Thursday, December 22, 2016

McKay Street Park plans to move forward in January

Plans for the re-development of the
Mckay Street Park area may be
complete by the end of January
Plans for development of a community space at the corner of McKay Street and Kootenay Avenue on the city's west side might get a little bit further ahead in January, with Transition Prince Rupert providing some details on the status of the McKay Street Park project through their Facebook page this week.

In a post to their social media stream, Transition Prince Rupert noted that they had held a video conference with the Portland, Oregon based design team last week and that the final designs for the proposed park are close to being completed with the results to be forwarded to Prince Rupert at the end of January.

Once those design plans are in hand, the local group will be offering them up for review and feedback from the community, as well as to set in motion their fundraising ideas to help transfer the paper concept into the development stage.

The McKay Street Park is currently an abandoned and ball field which has received little in the way of maintenance from the City over the last number of years.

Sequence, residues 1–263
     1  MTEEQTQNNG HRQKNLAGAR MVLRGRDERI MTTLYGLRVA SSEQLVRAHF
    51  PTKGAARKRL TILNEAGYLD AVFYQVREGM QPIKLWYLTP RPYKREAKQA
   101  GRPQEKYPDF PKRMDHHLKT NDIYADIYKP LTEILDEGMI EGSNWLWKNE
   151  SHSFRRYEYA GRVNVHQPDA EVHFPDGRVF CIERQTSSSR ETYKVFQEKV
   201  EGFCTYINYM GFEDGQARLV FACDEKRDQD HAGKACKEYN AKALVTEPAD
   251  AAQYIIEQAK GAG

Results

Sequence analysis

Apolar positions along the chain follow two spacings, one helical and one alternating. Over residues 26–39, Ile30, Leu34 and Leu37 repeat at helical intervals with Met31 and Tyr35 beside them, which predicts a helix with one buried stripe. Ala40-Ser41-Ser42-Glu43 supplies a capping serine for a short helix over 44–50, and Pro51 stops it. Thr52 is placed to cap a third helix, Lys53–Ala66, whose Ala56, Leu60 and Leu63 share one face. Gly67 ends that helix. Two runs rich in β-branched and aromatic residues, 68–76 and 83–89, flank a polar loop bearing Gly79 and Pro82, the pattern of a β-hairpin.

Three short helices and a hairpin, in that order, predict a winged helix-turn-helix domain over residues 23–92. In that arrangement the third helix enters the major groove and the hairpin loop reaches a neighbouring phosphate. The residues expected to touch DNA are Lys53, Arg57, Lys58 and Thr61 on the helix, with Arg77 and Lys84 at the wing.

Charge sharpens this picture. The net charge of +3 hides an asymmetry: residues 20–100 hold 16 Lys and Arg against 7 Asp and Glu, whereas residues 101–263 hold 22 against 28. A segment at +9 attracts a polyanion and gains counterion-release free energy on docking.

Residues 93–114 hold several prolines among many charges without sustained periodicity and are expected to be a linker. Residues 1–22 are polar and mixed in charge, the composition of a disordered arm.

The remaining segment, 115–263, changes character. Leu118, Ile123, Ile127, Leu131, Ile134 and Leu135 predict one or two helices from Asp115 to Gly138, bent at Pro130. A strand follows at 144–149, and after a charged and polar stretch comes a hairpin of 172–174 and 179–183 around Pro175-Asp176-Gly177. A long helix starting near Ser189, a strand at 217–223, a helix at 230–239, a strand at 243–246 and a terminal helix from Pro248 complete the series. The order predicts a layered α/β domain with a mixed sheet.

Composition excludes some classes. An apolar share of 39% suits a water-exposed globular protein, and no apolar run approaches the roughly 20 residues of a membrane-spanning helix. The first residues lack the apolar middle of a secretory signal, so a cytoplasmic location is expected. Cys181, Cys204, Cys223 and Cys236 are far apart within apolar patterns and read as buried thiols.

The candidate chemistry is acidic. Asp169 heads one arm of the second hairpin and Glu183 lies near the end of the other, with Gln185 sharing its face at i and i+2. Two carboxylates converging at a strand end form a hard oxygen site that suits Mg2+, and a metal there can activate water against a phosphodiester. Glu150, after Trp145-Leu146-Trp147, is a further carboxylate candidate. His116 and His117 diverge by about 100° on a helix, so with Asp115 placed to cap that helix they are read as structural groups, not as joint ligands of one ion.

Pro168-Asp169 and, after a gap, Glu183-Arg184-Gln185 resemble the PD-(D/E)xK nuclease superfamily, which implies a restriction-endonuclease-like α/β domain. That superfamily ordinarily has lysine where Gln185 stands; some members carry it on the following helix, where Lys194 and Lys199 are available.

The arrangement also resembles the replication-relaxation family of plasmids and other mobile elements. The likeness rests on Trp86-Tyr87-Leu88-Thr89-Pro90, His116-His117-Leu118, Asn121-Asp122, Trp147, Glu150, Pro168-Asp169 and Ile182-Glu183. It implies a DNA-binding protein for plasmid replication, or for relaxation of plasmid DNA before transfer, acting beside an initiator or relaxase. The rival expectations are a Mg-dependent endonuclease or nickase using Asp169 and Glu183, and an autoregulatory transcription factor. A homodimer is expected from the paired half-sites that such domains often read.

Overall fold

Earlier this year in January, Mark Lakeman an urban planner from Portland was brought in by Transition Prince Rupert, holding a three day placemaking session to facilitate a number of meetings to receive some input on how to transform the parkland into a more accessible community space.
A number of ideas were offered
up at last January's Placemaking
session on the McKay St. Park
(photo from Mayor Brain's 
Facebook page

The topic of how to approach the rebirth of the park space provided for a number of design ideas for participants to those Placemaking meetings, but the topic itself is one which did not feature much in the discussions around the City Council table during the public sessions of the last year.

That was an approach by Council members which leaves many questions still unclear as to how the City will be dealing with any development plans once they may be finalized.

Still unknown to this point is whether the city will turn the park over to the community organization, or whether it will retain ownership of the land and what costs, if any, will be required by the City to maintain any new design program that is put in place.

Those are themes which should be explored further by Council members in the New Year, allowing for the city's elected officials to provide their contribution to the discussion and the vision that is in mind for the stretch of land on the west side of the city.

That way any potential issues that could be associated with the re-development plans could be outlined by Council through a public session, providing the public with more background on any path forward for the McKay Street plans well before the Transition Prince Rupert group launches into its fund raising plans.

You can find updates on the Transition Prince Rupert plans as well as some history on their place making efforts over the last year from their Facebook page here.

You can also review some of the work of Transition Prince Rupert through their website.

Notes on items of interest from Prince Rupert City Council can be found on our archive page.

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